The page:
Rethinking learning : what counts as learning and what learning counts

2006 saw the publication of this volume by Judith Green and Allan Lewis, and I like the phrase, because for most of a child’s life growing up, they’re actually not at school. My twitter stream pointed me to the Bank Street papers, published in the US by this extraordinary school, postgraduate college, occasional writings by practitioners, and it seems they like me believe that all experiences are opportunities for learning. Long ago I started questioning why teachers wanted to colonise children’s time for learning, when actually left to their own devices they are often pretty good at doing just that – learning something different, exciting and often acquiring skills that they will bring back into school the next day. The occasional set I am pointing at is entitled The Other 17 Hours: Valuing Out-of-School Time, and rather oddly the paper I point at here is actually from a trio of researchers in Newcastle here in the UK. I blogged on Friday about multiple competencies, and highlighted the extraordinary benefits of an orchestra day we hosted last Thursday; tonight many of the same musicians were out in force at our secondary music concert. You don’t get good at virtuoso solos, be that on classical instrument, voice or electric guitar playing Iron Maiden, without putting the time in; but what’s obvious is that the musicians value that we put on a show for them (not colonise their time) and give back in other ways through their academic work in greater measure because of it. Here’s a link to some videos of our day – great fun.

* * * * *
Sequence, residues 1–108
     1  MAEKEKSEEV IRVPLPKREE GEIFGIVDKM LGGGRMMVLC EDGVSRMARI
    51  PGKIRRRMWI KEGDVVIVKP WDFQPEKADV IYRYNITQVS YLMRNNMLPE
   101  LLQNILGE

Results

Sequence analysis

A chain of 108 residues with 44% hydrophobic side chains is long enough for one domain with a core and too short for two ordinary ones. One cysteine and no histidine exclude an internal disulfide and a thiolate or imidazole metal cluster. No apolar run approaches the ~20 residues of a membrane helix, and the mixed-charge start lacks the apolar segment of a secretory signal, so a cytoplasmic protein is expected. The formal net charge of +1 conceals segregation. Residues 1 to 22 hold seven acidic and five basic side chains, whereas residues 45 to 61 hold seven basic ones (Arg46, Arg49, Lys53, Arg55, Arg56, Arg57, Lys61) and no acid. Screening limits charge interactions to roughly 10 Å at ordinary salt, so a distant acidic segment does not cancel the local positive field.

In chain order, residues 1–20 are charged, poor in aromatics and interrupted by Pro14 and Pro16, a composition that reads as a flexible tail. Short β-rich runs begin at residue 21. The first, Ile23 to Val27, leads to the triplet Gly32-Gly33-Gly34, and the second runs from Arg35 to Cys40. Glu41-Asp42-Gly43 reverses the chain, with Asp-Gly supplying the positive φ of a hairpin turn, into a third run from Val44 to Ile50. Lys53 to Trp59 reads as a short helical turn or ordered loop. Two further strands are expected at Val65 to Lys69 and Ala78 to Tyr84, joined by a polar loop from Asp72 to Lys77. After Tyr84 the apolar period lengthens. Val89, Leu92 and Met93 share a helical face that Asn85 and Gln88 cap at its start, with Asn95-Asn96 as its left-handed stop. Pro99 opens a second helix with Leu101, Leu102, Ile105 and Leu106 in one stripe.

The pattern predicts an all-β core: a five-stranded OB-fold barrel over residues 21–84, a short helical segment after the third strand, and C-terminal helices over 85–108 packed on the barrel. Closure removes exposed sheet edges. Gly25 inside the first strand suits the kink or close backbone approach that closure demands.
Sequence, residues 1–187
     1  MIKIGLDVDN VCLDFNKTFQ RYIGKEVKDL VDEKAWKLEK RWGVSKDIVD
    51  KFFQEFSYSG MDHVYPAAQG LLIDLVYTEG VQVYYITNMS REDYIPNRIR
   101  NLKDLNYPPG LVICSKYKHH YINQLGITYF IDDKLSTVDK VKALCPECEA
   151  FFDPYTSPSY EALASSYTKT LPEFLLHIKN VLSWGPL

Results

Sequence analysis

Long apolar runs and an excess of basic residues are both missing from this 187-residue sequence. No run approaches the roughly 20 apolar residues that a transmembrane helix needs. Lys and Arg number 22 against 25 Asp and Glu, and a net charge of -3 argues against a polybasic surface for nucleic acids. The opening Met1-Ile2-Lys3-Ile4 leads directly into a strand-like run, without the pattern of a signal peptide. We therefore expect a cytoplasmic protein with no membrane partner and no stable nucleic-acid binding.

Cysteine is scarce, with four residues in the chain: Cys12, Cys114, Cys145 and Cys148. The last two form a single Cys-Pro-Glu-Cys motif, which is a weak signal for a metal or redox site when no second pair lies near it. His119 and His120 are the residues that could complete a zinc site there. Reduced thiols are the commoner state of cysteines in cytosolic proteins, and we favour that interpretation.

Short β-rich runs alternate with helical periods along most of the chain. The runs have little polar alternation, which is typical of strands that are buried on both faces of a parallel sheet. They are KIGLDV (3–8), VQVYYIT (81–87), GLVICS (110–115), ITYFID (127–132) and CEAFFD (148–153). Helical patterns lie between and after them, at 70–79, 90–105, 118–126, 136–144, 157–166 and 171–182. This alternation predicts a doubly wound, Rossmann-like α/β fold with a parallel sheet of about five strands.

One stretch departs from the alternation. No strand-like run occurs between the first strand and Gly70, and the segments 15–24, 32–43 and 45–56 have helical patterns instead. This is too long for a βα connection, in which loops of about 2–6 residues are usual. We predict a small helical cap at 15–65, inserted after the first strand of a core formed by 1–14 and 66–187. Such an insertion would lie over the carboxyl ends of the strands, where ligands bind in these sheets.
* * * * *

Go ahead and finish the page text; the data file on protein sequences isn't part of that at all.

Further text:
To conclude

Just one item of addictive software for you to try – Nudge, and as the website says: Nudge is a virtual-instrument widget designed for self-expressive online music making & sharing. It is fun and simple to use and you don’t need to know a single thing about producing music to make your own individual songs in minutes! Don’t blame me when the work don’t get done!

Best wishes for a good week

James Wilding

jtw@clairescourt.net

@james_wilding

jameswilding.wordpress.com

 

About jameswilding

Academic Principal Claires Court Schools Long term member & advocate of the Independent Schools Association